Sweet and Sticky

Like many writers, I can’t look at my early writing without feeling a little bit of discomfort. When I started writing romance, I was still in the English-major mindset where I was trying to Transcend The Genre, which meant (at that time) avoiding cliches and treacly language. I approached my novels with an air of seriousness, because let’s face it, I was An English Major and therefore could write as good as (or even better than) the rest. So I followed all the writing rules as best as I could.

Six years, three books, and a few dead manuscripts later, I look at all of the things that I’d written, and I giggle for a bit. Let’s face it, all of my attempts to write stately minimalist prose resulted in a writing style that was so dry that it was almost flavorless.

Meanwhile, I was devouring all of the romance books that came out–both here and internationally–and found that the books that I loved were so rich in detail, so warm and comforting, that I found myself championing the characters who wore their hearts on their sleeves.

And I realized that maybe that was what’s been missing from my writing: a sense of richness, sweetness, and depth.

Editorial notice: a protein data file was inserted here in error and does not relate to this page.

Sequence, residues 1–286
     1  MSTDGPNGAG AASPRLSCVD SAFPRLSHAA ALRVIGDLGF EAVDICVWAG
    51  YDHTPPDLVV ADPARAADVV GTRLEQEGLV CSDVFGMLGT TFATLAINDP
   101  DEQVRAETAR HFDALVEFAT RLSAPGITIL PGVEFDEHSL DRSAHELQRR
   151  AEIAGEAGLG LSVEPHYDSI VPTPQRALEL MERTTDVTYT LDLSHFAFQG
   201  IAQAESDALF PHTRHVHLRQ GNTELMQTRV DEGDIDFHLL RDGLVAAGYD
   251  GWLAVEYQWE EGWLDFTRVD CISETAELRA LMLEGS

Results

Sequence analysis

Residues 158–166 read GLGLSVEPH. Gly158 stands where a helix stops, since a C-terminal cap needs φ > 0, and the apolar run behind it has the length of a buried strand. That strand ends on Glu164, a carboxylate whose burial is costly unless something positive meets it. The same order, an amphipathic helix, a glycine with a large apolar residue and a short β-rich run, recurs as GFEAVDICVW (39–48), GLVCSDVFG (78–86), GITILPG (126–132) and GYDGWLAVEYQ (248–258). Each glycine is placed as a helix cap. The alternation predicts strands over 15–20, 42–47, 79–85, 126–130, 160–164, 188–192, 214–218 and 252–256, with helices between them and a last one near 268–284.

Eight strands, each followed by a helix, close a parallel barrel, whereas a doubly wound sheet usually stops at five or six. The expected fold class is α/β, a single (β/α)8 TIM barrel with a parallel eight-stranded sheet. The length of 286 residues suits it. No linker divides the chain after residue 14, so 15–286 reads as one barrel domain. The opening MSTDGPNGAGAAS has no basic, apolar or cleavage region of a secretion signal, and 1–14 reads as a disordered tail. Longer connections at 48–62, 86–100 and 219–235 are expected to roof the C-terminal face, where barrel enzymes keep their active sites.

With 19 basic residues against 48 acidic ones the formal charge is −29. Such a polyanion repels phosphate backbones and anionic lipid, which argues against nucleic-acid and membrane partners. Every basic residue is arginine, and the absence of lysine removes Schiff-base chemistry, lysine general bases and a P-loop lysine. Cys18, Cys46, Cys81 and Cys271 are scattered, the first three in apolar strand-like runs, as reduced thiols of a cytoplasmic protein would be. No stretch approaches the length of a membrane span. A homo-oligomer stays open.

So when I started writing again, I concentrated on writing “sticky” prose–sweet and substantial where my previous literary attempts were heavy and dry. And I had to make a better commitment to my own writing, because everything that I’d done was guided by a spirit of good cheer.

I’d like to say my writing has more direction now, but it just occurred to me that it’ll be another year before you guys get to read the book that I wrote with sweet intent. I’m not saying that everything’s going to change again (because I always say that anyway) but there will be a few changes along the way about how I write. How I approach sex on the page. How I prioritize relationships. How I do research.

But most of all, I must learn again how to wear my heart on my own sleeve.

So yes, there’s more work to be done here. But writing (for the most part) will no longer a burden on my shoulders. When it stops being fun, I will step back, rest for a while, and go back to it when I’m ready on my own terms. And this time, I’ll be stronger for it.

Love, Stella

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Stella Torres

is the author of the adult contemporary romances Save the Cake, Crushingly Close, and Nine Years Away, as well as the short story “Be Creative” in the anthology Kids These Days: Stories from Luna East Vol. 1.

In her previous life, she has worked in public relations, taught English as a second language, and even attended graduate school (twice!). She has lived in Indonesia, Honolulu, and Quezon City before moving back to her hometown of Los Banos, a few hours’ drive (with traffic) from the heart of Manila.

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